texts but each translation has it own way of expressing the ideas which 
is the bases for copyright. Using these modern expressions without 
permission or license is a violation of copyright unless the the use 
falls under an exception in the law. Educational, scholarly, research, 
personal, translation or derivative use do not simply qualify as an 
exception. Fair use is an exception, but just being such things as 
educational or personal do not guarantee that a use is fair use, as I 
have already pointed out and as others have pointed out.


> The source material I've used is both exempt (according to the law) 
> and the derivative work in accordance with the law even if it weren't 
> exempt.
> ~A
> On Thu, Nov 8, 2012 at 6:39 PM, jhphx <jhphx at cox.net 
> <mailto:jhphx at cox.net>> wrote:
>     On 11/8/2012 9:26 AM, Andrew wrote:
>>     The US definition of 'Fair Use':
>>     http://www.copyright.gov/title17/92chap1.html#107
>>         § 107 . Limitations on exclusive rights: Fair use
>>     Notwithstanding the provisions of sections 106 and 106a, the fair
>>     use of a copyrighted work, including such use by ... is not an
>>     infringement of copyright.
>     It should be noted that the doctrine of fair use existed before
>     this section of law was coded. This section does not define the
>     doctrine but only gives guidance for applying the doctrine.
>     If there was a section of law that said something like:
>     "Notwithstanding the provisions concerning the guilt of killers, a
>     deadly act of insanity involving shooting, stabbing, poisoning, 
>     or strangling is not an act of guilt,"  it would NOT mean that any
>     act of shooting, stabbing, poisoning,  or strangling was an insane
>     act. It would not be defining insanity. Likewise, 107 is not
>     defining fair use. Thinking it does is a common mistake.
>     The fallowing quotes are from:
>     The US Copyright Office
>     Cir21
>     Reproduction of Copyrighted Works
>     by Educators and Librarians
>     http://www.copyright.gov/circs/circ21.pdf
>     'Although the courts have considered and ruled upon the
>     fair use doctrine over and over again, no real definition of
>     the concept has ever emerged. Indeed, since the doctrine is
>     an equitable rule of reason, no generally applicable definition
>     is possible, and each case raising the question must be
>     decided on its own facts. On the other hand, the courts have
>     evolved a set of criteria which, though in no case definitive
>     or determinative, provide some gauge for balancing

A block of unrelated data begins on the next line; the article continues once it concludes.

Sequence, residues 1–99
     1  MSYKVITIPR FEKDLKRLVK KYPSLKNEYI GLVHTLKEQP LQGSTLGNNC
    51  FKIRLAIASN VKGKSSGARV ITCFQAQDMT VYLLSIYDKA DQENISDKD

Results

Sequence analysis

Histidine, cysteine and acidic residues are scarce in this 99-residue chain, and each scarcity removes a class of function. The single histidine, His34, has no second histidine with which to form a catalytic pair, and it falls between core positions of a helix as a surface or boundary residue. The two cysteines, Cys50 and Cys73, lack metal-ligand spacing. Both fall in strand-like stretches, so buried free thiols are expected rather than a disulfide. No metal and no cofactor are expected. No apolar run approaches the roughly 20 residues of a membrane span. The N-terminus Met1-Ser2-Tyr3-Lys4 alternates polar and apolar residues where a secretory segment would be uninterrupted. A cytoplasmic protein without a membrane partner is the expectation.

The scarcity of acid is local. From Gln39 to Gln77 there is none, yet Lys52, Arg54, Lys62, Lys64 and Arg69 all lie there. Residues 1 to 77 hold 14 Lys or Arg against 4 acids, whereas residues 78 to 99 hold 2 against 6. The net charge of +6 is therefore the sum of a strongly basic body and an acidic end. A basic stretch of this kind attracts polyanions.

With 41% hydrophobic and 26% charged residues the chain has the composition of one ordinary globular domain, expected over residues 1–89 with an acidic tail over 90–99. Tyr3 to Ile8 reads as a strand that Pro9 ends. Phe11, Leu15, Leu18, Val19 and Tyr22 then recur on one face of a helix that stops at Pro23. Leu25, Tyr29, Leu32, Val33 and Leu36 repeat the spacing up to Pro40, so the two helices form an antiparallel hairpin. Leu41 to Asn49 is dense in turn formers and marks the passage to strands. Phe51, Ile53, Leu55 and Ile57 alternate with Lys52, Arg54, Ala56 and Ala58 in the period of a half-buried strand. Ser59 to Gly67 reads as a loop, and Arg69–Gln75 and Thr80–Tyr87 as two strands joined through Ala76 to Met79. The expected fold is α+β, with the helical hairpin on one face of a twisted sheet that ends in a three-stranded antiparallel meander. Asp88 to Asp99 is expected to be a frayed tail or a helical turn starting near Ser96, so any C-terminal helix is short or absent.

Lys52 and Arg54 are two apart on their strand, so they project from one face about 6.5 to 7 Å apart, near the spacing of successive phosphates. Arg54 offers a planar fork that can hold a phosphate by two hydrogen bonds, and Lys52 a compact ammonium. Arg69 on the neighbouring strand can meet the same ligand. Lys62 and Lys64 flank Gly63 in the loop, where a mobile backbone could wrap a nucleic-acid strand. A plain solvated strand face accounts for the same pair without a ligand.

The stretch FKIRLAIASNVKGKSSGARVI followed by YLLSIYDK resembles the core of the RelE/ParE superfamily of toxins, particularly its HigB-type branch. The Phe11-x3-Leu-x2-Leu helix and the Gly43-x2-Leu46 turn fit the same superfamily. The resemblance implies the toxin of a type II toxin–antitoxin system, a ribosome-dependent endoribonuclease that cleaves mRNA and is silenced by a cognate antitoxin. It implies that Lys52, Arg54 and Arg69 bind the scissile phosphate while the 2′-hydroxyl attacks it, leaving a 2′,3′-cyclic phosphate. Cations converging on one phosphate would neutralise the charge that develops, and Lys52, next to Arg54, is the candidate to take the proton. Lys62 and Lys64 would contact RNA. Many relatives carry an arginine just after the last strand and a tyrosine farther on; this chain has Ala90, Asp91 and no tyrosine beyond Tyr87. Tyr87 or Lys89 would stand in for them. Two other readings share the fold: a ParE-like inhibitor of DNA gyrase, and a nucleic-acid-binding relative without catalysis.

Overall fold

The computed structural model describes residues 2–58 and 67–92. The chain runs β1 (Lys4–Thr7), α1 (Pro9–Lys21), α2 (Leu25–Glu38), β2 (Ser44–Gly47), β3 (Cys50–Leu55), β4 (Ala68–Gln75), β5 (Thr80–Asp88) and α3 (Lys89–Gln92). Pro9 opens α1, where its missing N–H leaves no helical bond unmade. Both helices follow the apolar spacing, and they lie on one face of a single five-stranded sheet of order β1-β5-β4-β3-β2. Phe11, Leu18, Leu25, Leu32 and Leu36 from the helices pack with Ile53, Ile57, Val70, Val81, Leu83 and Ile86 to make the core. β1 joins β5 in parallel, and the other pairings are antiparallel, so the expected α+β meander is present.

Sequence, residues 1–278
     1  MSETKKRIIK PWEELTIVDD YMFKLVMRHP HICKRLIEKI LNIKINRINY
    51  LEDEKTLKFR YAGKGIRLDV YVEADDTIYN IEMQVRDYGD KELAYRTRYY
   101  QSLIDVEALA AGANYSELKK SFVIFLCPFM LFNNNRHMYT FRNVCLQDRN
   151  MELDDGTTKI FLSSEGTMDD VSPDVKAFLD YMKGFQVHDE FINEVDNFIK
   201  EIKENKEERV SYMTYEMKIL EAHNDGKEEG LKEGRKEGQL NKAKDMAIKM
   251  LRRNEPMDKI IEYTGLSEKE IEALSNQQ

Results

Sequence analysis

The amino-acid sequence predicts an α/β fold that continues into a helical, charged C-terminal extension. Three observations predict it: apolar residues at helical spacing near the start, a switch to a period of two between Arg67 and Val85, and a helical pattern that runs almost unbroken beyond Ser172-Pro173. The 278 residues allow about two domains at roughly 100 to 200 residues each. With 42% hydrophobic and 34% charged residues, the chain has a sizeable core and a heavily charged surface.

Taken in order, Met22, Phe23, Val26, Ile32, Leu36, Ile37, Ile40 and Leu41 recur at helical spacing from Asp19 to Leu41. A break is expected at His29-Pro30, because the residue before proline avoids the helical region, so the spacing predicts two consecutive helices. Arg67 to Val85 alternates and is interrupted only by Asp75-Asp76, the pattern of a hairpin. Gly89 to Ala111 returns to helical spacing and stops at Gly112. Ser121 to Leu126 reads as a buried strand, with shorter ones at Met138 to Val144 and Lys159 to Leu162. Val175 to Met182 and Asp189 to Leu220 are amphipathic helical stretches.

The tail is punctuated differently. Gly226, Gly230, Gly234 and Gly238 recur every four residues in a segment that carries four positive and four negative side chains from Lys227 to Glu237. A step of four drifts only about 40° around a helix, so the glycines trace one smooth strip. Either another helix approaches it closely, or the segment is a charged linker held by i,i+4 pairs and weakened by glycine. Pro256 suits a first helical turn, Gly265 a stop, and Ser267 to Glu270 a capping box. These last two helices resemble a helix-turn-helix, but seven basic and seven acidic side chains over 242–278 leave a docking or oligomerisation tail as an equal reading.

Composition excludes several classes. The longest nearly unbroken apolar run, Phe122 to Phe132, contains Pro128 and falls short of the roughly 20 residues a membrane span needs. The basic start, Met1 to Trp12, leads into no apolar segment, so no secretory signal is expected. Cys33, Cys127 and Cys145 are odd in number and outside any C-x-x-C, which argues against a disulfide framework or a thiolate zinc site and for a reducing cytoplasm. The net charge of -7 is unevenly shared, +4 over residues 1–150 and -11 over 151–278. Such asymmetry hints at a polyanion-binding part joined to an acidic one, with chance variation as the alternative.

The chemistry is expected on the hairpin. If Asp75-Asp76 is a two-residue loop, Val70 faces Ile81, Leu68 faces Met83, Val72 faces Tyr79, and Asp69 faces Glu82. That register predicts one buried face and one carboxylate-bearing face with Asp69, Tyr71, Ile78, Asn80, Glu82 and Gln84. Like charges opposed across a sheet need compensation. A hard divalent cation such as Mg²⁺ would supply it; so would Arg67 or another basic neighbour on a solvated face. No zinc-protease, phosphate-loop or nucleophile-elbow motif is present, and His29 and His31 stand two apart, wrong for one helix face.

>     the equities. These criteria have been stated in various ways,
>     but essentially they can all be reduced to the four standards
>     which have been adopted in section 107:'
>     'For example,
>     the reference to fair use "by reproduction in copies or
>     phonorecords or by any other means" is mainly intended
>     to make clear that the doctrine has as much application to
>     photocopying and taping as to older forms of use; it is not
>     intended to give these kinds of reproduction any special
>     status under the fair use provision or to sanction any reproduction
>     beyond the normal and reasonable limits of fair use.
>     Similarly, the newly-added reference to "multiple copies for
>     classroom use" is a recognition that, under the proper circumstances
>     of fairness, the doctrine can be applied to reproductions
>     of multiple copies for the members of a class.
>     The Committee has amended the first of the criteria to
>     be considered---"the purpose and character of the use"---
>     to state explicitly that this factor includes a consideration
>     of "whether such use is of a commercial nature or is for
>     non-profit educational purposes." This amendment is not
>     intended to be interpreted as any sort of not-for-profit
>     limitation on educational uses of copyrighted works. It is
>     an express recognition that, as under the present law, the
>     commercial or non-profit character of an activity, while
>     not conclusive with respect to fair use, can and should be
>     weighed along with other factors in fair use decisions.'
>     If one understands that last sentence then one understands that
>     non-profit and educational do not guarantee a fair use claim.
>     Jerry